Teapot with lid

DATE:
18th century
MATERIAL AND TECHNIQUE:
Porcelain
CLASSIFICATION:
Containers
DIMENSIONS:
4 1/2 × 6 3/4 × 4 1/2 in. (11.43 × 17.15 × 11.43 cm) Teapot: 3 3/4 × 6 3/4 × 4 1/2 in. (9.53 × 17.15 × 11.43 cm) Lid: 1 1/8 × 1 7/8 × 1 7/8 in. (2.86 × 4.76 × 4.76 cm)
DEPARTMENT:
Decorative Arts and Design
LOCATION:
Wendy and Emery Reves Collection - Porcelain , Level 3
CREDIT LINE:
Dallas Museum of Art, The Wendy and Emery Reves Collection
COPYRIGHT:
Image courtesy Dallas Museum of Art
OBJECT NUMBER:
1985.R.925.A-B

General Description

Introduced into Europe during the 17th century, tea drinking was a popular custom by the middle of the 18th century. Tea, spices, silks, and porcelain made up most of the cargoes of the sailing ships of the Dutch, English, Danish, Swedish, and Portugese East India Companies. Wealthy Europeans demanded more varied and colorful tea wares than the familiar blue and white Canton. The Reves Collection has a group of unusual teapots which indicate how China responded to this increasingly sophisticated taste.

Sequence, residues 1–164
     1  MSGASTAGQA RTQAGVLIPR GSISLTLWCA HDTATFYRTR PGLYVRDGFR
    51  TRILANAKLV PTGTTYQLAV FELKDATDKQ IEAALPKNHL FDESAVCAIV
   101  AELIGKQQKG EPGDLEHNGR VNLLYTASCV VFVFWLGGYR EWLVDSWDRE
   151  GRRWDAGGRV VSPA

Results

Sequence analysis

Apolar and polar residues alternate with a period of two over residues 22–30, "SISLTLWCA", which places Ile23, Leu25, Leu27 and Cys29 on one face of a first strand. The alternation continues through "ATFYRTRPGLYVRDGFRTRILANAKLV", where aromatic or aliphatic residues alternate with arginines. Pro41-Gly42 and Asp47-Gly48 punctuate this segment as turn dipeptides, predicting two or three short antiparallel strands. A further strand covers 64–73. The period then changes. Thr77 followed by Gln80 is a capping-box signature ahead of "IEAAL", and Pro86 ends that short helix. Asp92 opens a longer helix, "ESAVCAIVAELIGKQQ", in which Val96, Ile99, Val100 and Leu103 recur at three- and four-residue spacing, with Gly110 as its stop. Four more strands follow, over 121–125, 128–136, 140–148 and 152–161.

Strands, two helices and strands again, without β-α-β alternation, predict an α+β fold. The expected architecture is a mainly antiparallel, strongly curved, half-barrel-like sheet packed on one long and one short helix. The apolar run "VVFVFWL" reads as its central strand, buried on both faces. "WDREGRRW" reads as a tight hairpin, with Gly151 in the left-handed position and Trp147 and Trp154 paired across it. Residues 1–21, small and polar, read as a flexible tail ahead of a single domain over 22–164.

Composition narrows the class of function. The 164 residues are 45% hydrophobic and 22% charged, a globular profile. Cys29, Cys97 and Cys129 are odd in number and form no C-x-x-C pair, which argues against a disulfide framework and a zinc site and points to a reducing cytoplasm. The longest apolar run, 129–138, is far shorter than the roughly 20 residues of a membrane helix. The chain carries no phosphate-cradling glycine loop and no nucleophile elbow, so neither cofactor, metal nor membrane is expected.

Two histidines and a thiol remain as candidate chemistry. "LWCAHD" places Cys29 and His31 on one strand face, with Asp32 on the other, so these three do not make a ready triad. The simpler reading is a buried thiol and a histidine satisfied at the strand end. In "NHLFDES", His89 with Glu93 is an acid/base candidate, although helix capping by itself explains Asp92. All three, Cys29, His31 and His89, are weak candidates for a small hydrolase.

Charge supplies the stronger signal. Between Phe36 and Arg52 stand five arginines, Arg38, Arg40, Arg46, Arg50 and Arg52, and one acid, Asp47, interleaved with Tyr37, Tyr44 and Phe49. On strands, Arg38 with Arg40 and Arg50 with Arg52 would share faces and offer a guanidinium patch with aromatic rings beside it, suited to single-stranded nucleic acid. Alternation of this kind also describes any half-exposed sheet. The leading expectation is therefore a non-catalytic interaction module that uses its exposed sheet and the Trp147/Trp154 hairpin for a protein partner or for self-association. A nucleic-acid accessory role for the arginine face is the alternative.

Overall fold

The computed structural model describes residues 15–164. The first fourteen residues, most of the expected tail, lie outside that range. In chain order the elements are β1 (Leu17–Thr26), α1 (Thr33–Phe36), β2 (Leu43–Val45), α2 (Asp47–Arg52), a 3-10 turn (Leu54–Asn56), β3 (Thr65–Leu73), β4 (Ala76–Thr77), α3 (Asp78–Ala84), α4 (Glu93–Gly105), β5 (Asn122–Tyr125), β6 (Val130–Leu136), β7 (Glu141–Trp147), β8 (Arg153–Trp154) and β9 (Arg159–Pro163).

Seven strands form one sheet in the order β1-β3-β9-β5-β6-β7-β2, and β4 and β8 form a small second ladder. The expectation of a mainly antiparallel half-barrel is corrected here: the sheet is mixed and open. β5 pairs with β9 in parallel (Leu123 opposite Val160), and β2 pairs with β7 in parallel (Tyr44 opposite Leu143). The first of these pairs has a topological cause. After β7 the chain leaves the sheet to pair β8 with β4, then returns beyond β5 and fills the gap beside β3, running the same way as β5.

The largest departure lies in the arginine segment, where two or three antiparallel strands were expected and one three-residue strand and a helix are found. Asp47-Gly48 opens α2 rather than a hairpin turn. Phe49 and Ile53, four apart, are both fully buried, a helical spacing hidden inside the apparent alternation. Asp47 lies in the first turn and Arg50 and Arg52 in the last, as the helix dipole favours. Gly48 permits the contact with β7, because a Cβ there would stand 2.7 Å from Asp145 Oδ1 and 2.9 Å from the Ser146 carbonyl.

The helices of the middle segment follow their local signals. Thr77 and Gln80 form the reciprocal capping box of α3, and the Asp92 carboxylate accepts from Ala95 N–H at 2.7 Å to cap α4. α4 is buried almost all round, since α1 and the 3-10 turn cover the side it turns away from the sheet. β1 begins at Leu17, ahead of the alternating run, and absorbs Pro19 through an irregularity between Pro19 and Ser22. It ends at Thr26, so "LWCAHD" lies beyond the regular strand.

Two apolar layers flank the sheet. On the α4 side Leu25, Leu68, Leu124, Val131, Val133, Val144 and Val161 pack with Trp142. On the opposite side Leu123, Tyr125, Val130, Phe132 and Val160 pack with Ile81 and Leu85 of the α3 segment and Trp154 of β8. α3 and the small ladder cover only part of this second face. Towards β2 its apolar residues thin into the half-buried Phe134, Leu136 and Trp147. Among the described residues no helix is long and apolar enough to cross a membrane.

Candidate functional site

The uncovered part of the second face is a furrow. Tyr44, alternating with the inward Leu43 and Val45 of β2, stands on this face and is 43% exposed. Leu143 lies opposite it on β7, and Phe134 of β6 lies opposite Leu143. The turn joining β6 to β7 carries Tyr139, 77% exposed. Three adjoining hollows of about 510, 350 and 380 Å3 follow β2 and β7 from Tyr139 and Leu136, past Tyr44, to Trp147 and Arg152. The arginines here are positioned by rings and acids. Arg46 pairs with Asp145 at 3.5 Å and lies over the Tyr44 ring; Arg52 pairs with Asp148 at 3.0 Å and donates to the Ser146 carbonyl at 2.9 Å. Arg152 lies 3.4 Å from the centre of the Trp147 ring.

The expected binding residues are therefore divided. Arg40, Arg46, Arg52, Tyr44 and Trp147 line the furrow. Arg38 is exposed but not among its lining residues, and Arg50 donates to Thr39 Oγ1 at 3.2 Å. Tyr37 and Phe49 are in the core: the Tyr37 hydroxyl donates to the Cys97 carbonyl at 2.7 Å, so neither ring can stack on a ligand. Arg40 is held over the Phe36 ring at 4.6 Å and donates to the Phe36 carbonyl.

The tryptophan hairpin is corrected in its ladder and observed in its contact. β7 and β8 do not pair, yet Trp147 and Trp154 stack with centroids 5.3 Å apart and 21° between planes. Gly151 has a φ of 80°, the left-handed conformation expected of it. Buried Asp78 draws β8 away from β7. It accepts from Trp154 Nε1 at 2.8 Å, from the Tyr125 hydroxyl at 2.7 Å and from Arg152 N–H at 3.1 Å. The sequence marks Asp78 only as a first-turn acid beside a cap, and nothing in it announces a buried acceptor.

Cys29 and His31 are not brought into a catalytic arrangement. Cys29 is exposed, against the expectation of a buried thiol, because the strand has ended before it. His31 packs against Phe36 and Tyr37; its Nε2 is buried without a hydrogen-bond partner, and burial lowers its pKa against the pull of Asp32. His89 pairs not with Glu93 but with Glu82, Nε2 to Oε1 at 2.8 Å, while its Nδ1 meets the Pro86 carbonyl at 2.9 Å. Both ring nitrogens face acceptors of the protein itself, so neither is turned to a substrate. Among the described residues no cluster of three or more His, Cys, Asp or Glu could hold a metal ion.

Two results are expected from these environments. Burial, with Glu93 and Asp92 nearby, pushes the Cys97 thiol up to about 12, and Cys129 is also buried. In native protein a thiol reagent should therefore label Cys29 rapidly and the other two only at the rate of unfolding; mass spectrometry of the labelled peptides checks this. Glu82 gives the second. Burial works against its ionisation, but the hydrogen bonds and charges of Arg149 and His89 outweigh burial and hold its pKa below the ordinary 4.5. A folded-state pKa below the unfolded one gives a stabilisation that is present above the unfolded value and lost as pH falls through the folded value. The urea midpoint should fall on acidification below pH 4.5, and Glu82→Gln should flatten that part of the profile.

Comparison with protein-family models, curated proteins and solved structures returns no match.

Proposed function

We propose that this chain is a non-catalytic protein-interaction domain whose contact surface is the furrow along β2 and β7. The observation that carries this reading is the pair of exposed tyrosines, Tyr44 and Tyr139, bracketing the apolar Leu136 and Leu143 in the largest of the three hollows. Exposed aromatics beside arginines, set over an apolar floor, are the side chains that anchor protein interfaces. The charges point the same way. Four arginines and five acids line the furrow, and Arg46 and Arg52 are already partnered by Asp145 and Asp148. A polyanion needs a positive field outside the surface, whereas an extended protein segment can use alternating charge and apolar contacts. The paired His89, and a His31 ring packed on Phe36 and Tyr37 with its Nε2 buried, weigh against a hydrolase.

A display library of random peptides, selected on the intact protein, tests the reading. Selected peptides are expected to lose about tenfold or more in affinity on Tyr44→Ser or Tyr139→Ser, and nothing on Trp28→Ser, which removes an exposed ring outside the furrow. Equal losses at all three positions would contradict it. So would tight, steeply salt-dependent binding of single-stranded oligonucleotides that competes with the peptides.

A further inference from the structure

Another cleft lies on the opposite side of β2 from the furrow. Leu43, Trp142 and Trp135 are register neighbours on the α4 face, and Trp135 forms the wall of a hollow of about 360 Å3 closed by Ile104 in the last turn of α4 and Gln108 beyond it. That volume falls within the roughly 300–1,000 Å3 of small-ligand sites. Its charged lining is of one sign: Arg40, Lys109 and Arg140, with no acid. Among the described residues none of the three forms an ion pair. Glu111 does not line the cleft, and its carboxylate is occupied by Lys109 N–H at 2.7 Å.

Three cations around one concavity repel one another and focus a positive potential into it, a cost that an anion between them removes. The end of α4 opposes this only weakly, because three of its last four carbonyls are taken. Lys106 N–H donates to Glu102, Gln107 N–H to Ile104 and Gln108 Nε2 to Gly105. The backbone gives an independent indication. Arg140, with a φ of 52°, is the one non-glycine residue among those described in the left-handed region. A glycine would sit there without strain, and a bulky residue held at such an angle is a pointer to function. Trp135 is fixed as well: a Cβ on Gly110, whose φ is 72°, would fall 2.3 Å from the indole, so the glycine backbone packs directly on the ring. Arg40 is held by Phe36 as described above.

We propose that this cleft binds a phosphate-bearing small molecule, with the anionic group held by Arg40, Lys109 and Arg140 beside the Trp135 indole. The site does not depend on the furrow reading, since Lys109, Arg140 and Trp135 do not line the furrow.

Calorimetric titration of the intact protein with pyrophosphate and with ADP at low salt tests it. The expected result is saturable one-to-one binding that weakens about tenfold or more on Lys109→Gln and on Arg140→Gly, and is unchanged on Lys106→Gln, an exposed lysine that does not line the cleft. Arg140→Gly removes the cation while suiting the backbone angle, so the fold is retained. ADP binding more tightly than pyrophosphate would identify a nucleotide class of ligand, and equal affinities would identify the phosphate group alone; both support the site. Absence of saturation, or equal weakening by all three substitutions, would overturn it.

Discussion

Adapted from

Dallas Museum of Art, The Wendy and Emery Reves Collection (Dallas, Texas: Dallas Museum of Art, 1985), 201.

Web Resources

The Metropolitan Museum of Art
Read more about Chinese Export Porcelain